Review my iptables script?

Live forum: /viewtopic.php?t=173


10-09-2005 23:48:52

I would appreciate any comments concerning my iptables script.

My way of thinking is to drop everything, then accept the things that I need. Anybody have another way of thinking?

I do have some questions that are marked in the comments.


# Initialize all the chains by removing all the rules
# tied to them
iptables --flush
iptables -t nat --flush
iptables -t mangle --flush

echo 1 >/proc/sys/net/ipv4/ip_dynaddr
echo 1 >/proc/sys/net/ipv4/ip_forward

# Now that the chains have been initialized, the user defined
# chains should be deleted. We'll recreate them in the next step
iptables --delete-chain
iptables -t nat --delete-chain
iptables -t mangle --delete-chain

# If a packet doesn't match one of the built in chains, then
# The policy should be to drop it
iptables -P INPUT DROP

# Accept anything from loopback
iptables -I INPUT -i lo -j ACCEPT
iptables -I OUTPUT -o lo -j ACCEPT

# Accept anything coming from the internal network and loopback
iptables -I INPUT 1 -i eth1 -j ACCEPT
iptables -I INPUT 1 -i lo -j ACCEPT

# Accept all from localhost
iptables -A INPUT -s -j ACCEPT

# Accept all previously established connections
iptables -A INPUT -m state --state RELATED,ESTABLISHED -j ACCEPT

# Accept Bittorrent
iptables -A INPUT -i eth0 -p tcp --dport 68816889 -j ACCEPT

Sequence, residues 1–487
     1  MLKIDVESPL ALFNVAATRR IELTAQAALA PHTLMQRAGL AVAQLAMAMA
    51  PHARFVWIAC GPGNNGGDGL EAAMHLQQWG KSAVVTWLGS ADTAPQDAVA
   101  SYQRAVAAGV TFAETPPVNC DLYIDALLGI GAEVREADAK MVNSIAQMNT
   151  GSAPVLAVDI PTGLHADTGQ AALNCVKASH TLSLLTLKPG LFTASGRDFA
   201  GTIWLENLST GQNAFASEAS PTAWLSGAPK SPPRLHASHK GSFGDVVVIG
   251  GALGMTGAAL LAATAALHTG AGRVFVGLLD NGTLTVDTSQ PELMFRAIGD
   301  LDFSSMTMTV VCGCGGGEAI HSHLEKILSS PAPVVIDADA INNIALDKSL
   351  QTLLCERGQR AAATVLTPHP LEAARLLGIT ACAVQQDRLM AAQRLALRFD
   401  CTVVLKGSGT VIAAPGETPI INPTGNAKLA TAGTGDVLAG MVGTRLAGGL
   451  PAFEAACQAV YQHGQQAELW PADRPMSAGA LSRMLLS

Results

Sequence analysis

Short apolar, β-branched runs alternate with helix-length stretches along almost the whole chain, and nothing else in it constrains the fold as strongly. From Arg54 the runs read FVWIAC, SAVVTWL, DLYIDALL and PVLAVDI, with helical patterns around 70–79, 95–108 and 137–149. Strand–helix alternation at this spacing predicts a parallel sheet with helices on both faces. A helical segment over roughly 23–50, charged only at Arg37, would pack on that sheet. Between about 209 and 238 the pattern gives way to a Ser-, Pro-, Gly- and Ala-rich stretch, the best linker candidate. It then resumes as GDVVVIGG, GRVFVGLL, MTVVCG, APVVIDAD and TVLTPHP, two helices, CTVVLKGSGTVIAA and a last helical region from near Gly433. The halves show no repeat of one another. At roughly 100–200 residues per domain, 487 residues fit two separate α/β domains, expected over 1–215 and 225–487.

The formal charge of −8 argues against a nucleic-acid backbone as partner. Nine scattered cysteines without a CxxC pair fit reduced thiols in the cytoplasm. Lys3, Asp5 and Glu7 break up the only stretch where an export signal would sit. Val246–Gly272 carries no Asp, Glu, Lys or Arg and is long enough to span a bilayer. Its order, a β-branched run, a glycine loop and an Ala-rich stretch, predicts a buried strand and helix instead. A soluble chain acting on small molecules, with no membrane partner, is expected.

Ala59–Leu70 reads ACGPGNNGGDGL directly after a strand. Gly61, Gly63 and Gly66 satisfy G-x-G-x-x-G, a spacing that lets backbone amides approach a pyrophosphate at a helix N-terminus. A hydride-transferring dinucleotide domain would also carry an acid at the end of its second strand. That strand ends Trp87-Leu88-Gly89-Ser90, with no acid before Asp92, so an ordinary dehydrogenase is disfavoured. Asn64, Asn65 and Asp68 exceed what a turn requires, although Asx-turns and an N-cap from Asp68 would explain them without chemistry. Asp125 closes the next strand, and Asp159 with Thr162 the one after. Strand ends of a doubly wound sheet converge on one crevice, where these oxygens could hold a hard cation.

# Accept TeamSpeak
iptables -A INPUT -i eth0 -p udp -m udp --dport 8767 -j ACCEPT

# Allow internal network internet access
iptables -t nat -A POSTROUTING -o eth0 -j MASQUERADE

# ?
iptables -t nat --policy POSTROUTING ACCEPT
iptables -t nat --policy PREROUTING ACCEPT

# (Webserver) Which of the following two rules are better?
iptables -A INPUT -p tcp -m state --state NEW -m tcp --dport 2000 -j ACCEPT
#iptables -A INPUT -i eth0 --protocol tcp --dport 2000 -j ACCEPT

# Log anything coming in on system ports, does Cox block all these already?
iptables -I INPUT -i eth0 -p tcp --dport 11024 -j LOG
iptables -I INPUT -i eth0 -p udp --dport 11024 -j LOG

# Log anything coming inside
#iptables -I INPUT -i eth0 -j LOG


12-09-2005 07:33:44

concerning that webserver bit I like to put a -p tcp --syn in there, which just means that the packet must have the SYN bit set and the RST and ACK bits cleared. in other words, a properly formed new connection attempt. but then for all I know, your --state NEW may do exactly the same thing, although the iptables man page isn't clear about that.


12-09-2005 08:59:00


I'll look into that